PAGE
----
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SOURCES OF DATA

As previously identified, two types of data are input into a GIS, spatial and attribute. The data input process is the operation of encoding both types of data into the GIS database formats.

The creation of a clean digital database is the most important and time consuming task upon which the usefulness of the GIS depends. The establishment and maintenance of a robust spatial database is the cornerstone of a successful GIS implementation.

As well, the digital data is the most expensive part of the GIS. Yet often, not enough attention is given to the quality of the data or the processes by which they are prepared for automation.

The general consensus among the GIS community is that 60 to 80 % of the cost incurred during implementation of GIS technology lies in data acquisition, data compilation and database development.

A wide variety of data sources exist for both spatial and attribute data. The most common general sources for spatial data are:

hard copy maps;
aerial photographs;
remotely-sensed imagery;
point data samples from surveys; and
existing digital data files.


Existing hard copy maps, e.g. sometimes referred to as analogue maps, provide the most popular source for any GIS project.

Potential users should be aware that while there are many private sector firms specializing in providing digital data, federal, provincial and state government agencies are an excellent source of data. Because of the large costs associated with data capture and input, government departments are often the only agencies with financial resources and manpower funding to invest in data compilation. British Columbia and Alberta government agencies are good examples. Both provincial governments have defined and implemented province wide coverage of digital base map data at varying map scales, e.g. 1:20,000 and 1:250,000. As well, the provincial forestry agencies also provide thematic forest inventory data in digital format. Federal agencies are also often a good source for base map information. An inherent advantage of digital data from government agencies is its cost. It is typically inexpensive. However, this is often offset by the data's accuracy and quality. Thematic coverages are often not up to date. However, it is important to note that specific characteristics of government data varies greatly across North America.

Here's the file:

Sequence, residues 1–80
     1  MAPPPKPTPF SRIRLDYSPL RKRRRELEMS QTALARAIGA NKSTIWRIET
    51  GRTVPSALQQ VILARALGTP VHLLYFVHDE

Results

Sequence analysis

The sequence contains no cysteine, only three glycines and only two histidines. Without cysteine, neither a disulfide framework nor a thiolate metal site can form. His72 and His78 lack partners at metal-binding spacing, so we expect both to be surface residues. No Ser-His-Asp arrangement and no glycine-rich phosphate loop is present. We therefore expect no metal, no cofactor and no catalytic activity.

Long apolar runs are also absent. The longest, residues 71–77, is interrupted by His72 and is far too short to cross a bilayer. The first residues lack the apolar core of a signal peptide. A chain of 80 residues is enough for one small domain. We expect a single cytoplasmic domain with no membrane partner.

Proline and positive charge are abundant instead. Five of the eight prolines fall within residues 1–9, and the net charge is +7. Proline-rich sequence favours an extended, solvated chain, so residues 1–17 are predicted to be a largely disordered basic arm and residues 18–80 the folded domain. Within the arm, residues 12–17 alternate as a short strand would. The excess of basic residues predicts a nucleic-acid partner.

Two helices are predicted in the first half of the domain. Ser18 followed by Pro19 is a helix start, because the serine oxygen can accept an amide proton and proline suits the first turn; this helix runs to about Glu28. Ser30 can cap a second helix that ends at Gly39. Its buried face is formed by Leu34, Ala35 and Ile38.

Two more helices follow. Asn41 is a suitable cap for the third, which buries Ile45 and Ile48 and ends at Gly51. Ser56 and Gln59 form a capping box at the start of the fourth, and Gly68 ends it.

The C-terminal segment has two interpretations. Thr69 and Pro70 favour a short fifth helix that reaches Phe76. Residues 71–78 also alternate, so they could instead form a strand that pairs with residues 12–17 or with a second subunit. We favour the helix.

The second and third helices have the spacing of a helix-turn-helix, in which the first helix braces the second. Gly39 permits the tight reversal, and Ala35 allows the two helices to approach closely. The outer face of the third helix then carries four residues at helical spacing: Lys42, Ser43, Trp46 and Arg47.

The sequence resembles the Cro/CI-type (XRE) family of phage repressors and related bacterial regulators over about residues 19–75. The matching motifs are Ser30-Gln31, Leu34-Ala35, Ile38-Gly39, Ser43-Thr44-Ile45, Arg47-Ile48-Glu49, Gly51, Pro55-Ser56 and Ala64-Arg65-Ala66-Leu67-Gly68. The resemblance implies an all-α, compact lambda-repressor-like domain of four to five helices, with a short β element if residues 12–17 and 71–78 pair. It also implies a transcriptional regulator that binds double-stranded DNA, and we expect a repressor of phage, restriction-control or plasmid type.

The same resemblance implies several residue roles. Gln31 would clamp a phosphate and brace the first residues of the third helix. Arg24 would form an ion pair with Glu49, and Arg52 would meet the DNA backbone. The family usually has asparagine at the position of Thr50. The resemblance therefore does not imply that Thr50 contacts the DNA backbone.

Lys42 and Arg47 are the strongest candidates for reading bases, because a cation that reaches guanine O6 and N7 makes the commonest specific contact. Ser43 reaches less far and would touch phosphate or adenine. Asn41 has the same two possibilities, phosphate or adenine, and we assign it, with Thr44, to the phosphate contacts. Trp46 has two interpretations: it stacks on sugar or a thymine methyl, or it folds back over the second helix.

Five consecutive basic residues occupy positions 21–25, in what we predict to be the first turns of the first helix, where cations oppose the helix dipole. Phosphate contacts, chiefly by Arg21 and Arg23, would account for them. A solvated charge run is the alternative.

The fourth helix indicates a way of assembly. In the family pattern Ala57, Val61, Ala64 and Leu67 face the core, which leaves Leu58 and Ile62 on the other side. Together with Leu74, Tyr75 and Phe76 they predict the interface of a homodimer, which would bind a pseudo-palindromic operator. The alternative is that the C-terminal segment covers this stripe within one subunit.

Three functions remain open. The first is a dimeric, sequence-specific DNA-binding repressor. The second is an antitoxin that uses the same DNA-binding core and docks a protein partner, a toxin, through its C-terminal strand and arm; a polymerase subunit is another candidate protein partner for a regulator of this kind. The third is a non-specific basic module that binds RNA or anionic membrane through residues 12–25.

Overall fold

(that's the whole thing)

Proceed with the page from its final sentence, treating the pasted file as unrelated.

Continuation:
Attribute data has an even wider variety of data sources. Any textual or tabular data than can be referenced to a geographic feature, e.g. a point, line, or area, can be input into a GIS. Attribute data is usually input by manual keying or via a bulk loading utility of the DBMS software. ASCII format is a de facto standard for the transfer and conversion of attribute information.

The following figure describes the basic data types that are used and created by a GIS.

The basic data types that are used and created by a GIS (after Berry).